Importance of Time & Temporality in Contemporary Cinema Studies

As we turn towards the digital, the political enterprise of temporal objects like cinema and other screen media became incredibly complex. Diaz’s proclamation that ‘the internet is so free’ reverberates here as a critical point of reflection. It opens several problems regarding ideas of ‘freedom’ in the digital age. Is internet freedom only limited to those who can afford the internet particularly the bourgeoisie? Is the digital divide also the class divide? If ‘internet is so free’, what type of emancipatory politics does it exhibit?

The complex field of the digital directly interfaces with contemporary problems on cinema studies. The whole culture industry is undergoing revision. Several practices are erased. DVDs are suddenly becoming obsolete as new digital formats i.e. new ‘containers’ are being created.

Objectal time is not an invariant. It changes from one medium to another, one technological interface to another. Objectal time is a materialist constitution of time. Industrialization of time gives rise to durational services and products from as complex as theme parks to as simple as 1-hr massage therapies in massage parlors. Each of this temporal enterprise uses different temporal constitutions: a form industrialization of experience. For example, with regards to difference in objectal time between analog and digital, at the atomic level, molecular events constituting the two mediums are very different. Digital cinema inscribes duration using the orderly movement of semiconductor atoms in microchips of digital cameras. The inscription of movement in analog cinema, however, is more violent and chaotic, the same chaos that Brakhage deployed in most of his films.

This expansive domain of time, with a historical scale grander than the 120-year history of cinema, remains the most critical component to this project. Arguably, time (more than space) is the most important and privileged component of cinema. It lies at the heart of  its life. As Bernard Stiegler would say, cinema is an industrial temporal object, whose conditions of emergence cannot but be related to time itself. This complicity with time is not only limited to cinema. The world of art, or any creative practice for that matter, is interspersed with temporal elements: the tenses in literature, the temporality of narrative, the chronology in History, the duration of reaction in Chemistry, scheduling style of TV or radio programs, carbon dating of artifacts in Archaeology. All of which relate back to time-as-indicator, -measure or –slot in a continuum.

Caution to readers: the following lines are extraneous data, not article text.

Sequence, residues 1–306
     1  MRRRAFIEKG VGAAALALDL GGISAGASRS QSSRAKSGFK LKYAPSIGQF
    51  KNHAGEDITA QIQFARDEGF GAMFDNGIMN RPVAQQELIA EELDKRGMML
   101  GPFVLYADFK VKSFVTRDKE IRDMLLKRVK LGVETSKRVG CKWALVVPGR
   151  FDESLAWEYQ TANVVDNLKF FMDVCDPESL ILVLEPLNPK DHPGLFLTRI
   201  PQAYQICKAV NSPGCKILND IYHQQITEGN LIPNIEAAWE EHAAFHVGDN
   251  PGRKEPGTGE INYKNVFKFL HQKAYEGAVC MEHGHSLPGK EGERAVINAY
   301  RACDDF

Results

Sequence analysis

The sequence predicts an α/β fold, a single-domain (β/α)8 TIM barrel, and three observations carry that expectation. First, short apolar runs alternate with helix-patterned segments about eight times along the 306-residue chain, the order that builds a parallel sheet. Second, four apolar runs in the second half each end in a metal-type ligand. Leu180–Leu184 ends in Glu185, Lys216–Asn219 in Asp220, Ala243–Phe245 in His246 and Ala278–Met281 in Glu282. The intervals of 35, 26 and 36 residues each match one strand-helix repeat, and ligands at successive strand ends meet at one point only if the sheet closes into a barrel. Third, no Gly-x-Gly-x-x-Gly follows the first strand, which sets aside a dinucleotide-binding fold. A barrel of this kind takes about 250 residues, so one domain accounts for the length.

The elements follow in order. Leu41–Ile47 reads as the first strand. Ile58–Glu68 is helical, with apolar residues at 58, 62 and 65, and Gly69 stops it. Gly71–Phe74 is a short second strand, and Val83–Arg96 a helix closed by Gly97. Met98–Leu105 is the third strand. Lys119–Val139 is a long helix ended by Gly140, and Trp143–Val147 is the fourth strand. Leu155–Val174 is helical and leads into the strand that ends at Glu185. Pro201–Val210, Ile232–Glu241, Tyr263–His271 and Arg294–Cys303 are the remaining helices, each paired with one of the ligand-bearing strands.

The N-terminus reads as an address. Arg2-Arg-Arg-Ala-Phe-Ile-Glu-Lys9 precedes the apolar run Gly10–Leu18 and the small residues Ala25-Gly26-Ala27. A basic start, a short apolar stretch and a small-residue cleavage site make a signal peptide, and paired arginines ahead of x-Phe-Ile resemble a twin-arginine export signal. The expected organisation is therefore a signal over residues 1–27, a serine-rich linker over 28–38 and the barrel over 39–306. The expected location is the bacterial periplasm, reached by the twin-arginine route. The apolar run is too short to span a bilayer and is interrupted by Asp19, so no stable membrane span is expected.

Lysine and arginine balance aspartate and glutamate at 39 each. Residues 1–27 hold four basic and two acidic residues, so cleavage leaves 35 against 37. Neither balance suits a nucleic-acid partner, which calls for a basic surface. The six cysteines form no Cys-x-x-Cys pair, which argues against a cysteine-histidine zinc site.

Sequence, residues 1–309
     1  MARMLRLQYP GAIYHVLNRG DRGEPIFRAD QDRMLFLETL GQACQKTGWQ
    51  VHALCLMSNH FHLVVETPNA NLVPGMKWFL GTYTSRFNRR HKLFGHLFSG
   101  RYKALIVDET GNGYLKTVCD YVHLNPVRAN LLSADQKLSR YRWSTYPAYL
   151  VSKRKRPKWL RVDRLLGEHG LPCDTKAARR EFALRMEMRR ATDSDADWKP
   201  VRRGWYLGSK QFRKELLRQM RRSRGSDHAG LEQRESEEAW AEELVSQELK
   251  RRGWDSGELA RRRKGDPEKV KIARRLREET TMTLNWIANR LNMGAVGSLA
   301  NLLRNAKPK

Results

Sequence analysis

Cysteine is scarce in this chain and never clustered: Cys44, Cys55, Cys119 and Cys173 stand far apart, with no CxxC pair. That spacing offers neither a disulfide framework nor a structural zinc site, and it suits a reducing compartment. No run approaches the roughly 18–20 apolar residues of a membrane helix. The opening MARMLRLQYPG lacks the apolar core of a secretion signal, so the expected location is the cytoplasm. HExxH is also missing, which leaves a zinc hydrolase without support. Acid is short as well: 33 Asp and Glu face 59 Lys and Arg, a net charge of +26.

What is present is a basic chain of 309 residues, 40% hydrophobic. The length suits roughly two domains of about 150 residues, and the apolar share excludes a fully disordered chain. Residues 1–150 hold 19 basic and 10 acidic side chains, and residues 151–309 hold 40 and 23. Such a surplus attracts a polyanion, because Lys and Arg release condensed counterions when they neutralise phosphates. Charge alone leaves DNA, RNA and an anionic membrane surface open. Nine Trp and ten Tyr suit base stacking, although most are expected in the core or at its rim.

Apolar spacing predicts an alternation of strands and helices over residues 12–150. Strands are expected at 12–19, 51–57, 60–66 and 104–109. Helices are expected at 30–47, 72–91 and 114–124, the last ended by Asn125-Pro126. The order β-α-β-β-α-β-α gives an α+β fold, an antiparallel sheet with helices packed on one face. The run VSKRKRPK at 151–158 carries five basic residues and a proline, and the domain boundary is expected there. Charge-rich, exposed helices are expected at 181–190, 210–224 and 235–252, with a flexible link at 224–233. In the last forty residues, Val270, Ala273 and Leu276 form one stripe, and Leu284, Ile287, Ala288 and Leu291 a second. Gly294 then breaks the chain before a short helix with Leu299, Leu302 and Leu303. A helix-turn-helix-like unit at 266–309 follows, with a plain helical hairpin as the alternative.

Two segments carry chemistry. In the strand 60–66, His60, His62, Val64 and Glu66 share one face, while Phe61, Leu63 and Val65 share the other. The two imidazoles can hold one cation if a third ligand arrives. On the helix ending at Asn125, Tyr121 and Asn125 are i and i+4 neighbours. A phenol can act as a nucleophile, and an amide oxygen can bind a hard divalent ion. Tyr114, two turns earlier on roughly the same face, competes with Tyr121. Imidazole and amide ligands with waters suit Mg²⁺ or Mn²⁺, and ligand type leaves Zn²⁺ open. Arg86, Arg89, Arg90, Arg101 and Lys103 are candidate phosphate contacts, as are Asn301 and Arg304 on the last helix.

However, among time-specific artistic practices, cinema is the one of most special ones because, for Deleuze and Massumi, cinema is ontogenic of time. By virtue of what he calls the time-image, and his insistence that the change occurred after WWII, time is emancipated from movement. Cinema, as an artistic practice, creates new image of time, a time which is freed from the movement of the everyday – a false time, a fabricated past (e.g. historical films) and future (e.g. science-fiction films), a slowed-down movement of objects, a time-controlling monster as in Edge of Tomorrow (2004), a glimpse of the history of a universe via spectacular (false) representations of the interstellar world. In other words, cinema is an artistic practice of generating false time and durations. It disruptively concocts a new image generative and constitutive of time.